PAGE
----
Whilst studies are more limited for the SLS process, some consideration can, and should still be given to the following:

Exposure to Metals

The use of powdered metals in SLS continues to grow and it is therefore important to understand the risks of exposure to these materials. In the additive manufacturing industry the average particle size is typically within the 25 – 150 micron range (Berretta et al. 2013), requiring special handling and storage. Exposure to metal powder and metal fume represents a genuine risk, not only through inhalation exposure but also exposure into open cuts and the eyes.

Monitoring Gas Levels

SLS machines run in inert atmospheres where the inert gas displaces oxygen. SLS machines are typically located in small rooms, installing an oxygen sensor is recommended wherever these machines are placed.

Gas Exhaust

Depending on the materials, SLS can expel dangerous gases during operation, requiring ventilation to the outside of the building. Safety training should cover off-gassing and management of volatile organic compounds (VOCs) and inorganic compounds (e.g. metal fume). Companies are recommended to develop an air management plan as part of their risk-reduction strategy.

Handling of Materials

It is recommended that companies develop delivery, handling and storage procedures for SLS powders, particularly metals where powdered metals can be explosive.        

SAFENANO is involved in supporting the development, commercialisation and sustainability of advanced materials and technologies in a number of collaborative EU-funded and commercial projects, through our expertise in hazard assessment, exposure assessment and risk management.

For further information on SAFENANO’s Services, click here


Berretta, S., Ghita, O., Evans, K. E., Anderson, A., Newman, C., 2013, Size, shape and flow of powders for use in Selective Laser Sintering (SLS). University of Exeter, College of Engineering, Mathematics and Physical Sciences, Exeter, United Kingdom and Invibio® Biomaterials Solutions, Thornton-Cleveys, United Kingdom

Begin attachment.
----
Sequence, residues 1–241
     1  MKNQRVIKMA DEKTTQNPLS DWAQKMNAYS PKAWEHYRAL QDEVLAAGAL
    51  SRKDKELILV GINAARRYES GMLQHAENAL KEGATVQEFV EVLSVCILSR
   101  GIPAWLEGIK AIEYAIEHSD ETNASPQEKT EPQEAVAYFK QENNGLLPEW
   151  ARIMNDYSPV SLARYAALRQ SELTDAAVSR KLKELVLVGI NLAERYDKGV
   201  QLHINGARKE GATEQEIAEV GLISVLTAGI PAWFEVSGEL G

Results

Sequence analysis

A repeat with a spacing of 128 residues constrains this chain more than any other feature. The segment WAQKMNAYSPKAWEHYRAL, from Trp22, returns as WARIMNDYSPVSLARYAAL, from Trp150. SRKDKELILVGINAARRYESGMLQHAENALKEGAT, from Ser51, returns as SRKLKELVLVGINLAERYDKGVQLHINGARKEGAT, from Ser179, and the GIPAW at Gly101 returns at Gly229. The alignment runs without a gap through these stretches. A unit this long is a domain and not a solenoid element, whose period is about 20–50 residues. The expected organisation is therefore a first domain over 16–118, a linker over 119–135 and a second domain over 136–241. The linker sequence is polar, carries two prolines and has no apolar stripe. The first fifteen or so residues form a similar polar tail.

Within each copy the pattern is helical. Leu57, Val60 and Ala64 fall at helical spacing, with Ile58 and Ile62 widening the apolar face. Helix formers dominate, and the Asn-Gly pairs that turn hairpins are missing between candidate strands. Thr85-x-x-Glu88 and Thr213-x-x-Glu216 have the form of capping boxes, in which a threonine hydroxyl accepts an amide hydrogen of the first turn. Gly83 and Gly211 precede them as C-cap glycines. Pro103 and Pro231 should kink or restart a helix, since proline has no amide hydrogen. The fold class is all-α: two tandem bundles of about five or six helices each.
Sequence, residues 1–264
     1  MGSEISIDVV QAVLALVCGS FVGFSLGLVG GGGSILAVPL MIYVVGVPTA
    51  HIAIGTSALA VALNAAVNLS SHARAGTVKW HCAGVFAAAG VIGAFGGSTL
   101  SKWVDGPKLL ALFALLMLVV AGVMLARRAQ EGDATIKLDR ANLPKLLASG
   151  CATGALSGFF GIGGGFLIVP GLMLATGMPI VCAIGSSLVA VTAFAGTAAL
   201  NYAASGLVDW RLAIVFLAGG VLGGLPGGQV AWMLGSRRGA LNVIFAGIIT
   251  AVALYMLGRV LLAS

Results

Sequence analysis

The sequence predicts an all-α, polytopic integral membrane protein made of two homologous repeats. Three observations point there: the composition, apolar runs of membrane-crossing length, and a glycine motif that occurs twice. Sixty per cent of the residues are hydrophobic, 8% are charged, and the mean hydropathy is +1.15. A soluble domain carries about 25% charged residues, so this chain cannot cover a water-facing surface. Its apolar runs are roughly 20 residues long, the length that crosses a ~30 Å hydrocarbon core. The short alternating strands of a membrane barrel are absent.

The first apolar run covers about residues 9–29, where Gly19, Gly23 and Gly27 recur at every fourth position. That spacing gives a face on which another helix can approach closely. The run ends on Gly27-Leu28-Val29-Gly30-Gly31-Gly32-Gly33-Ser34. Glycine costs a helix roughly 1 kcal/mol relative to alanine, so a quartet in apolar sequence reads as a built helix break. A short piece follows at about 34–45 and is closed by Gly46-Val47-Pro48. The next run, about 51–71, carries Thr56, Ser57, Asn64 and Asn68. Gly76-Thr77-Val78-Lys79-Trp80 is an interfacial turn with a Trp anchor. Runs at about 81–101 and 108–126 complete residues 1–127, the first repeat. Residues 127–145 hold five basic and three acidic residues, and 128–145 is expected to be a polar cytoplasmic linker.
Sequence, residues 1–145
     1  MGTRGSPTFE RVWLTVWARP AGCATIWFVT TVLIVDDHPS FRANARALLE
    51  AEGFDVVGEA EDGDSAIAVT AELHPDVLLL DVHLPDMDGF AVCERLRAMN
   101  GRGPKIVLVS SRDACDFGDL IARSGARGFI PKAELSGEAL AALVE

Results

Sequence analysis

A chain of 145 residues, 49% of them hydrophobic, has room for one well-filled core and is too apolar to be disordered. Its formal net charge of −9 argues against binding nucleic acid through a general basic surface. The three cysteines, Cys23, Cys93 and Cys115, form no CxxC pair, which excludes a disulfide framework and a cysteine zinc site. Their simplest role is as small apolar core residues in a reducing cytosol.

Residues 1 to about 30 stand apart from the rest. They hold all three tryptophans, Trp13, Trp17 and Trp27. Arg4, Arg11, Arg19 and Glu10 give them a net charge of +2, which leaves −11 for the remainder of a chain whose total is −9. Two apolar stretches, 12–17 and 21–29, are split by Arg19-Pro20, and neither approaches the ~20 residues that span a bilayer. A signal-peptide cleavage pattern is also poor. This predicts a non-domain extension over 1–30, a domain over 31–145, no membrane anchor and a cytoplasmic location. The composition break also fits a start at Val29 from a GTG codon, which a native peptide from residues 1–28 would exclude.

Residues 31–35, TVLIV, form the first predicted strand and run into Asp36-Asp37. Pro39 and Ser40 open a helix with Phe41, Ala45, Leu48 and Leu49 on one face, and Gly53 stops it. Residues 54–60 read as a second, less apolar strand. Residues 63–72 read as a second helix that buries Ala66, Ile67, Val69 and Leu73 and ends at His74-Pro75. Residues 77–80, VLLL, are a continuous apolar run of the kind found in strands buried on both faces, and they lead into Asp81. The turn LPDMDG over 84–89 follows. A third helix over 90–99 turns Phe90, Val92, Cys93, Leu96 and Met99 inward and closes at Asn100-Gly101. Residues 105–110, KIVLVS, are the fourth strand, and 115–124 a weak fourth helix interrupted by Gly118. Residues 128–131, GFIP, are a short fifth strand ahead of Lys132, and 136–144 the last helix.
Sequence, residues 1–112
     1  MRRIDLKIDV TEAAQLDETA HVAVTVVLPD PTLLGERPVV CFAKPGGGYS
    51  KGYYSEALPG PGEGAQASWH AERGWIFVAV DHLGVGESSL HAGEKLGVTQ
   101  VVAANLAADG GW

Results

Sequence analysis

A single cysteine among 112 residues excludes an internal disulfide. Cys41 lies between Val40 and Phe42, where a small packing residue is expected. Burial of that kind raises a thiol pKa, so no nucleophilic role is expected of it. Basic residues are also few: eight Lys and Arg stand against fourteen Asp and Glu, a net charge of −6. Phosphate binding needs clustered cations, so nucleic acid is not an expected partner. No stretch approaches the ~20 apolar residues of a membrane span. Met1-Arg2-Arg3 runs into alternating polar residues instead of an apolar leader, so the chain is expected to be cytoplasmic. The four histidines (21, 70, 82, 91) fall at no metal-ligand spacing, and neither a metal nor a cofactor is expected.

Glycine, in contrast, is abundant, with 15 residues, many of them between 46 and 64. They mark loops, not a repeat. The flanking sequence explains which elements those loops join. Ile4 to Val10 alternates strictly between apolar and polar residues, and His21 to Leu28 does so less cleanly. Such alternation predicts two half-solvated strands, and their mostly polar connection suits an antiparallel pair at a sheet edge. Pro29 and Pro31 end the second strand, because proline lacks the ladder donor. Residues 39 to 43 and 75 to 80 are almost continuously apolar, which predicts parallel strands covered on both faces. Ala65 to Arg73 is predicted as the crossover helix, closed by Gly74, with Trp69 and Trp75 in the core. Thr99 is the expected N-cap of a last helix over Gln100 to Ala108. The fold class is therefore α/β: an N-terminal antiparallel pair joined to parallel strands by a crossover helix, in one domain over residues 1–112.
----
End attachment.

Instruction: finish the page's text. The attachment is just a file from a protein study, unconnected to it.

Crawford, S., 2011, How 3-D Printing Works

The European Agency for Safety and Health at Work , 2017, 3D printing and additive manufacturing – The implications for OSH, HowStuffWorks

National Institute for Occupational Safety and Health (NIOSH), 2017, NIOSH Research Rounds

Parham, A., Zhao, D., Pouzet, C., Crain, N. E., Stephens, B., 2016, Emissions of Ultrafine Particles and Volatile Organic Compounds from Commercially Available Desktop Three-Dimensional Printers with Multiple Filaments. Environ. Sci. Technol., 50(3) pp 1260 – 1268

Srivastava, A., 2016 Safety Concerns in additive manufacturing, Per the Spec.

Stefaniak, A. B., LeBouf R. F., Yi, J., Ham, J., Nurkewicz, T., Schwegler-Berry, D. E., Chen, B. T., Wells, J. R., Duling, M. G., Lawrence, R. B., Martin Jr., S. B., Johnson, A. R., Virji, M. A., 2017, Characterisation of chemical contaminants generated by a desktop fused deposition modeiling 3-dimensional printer. Journal of Occupational and Environmental Hygiene., 14(7) pp 540 – 550

Wojtyła, S., Klama, P., Baran, T., 2017, Is 3D printing safe? Analysis of thermal the thermal treatment of thermoplastics: ABS, PLA, PET and nylon. Journal of Occupational and Environmental Hygiene 14(6) pp D80 – D85

Zontek, T. L., Ogle, B. R., Jankovic, J. T., Hollenbeck, S. M., 2017, An exposure assessment of desktop 3D printing. Journal of Chemical Health and Safety, 24 pp 15 -25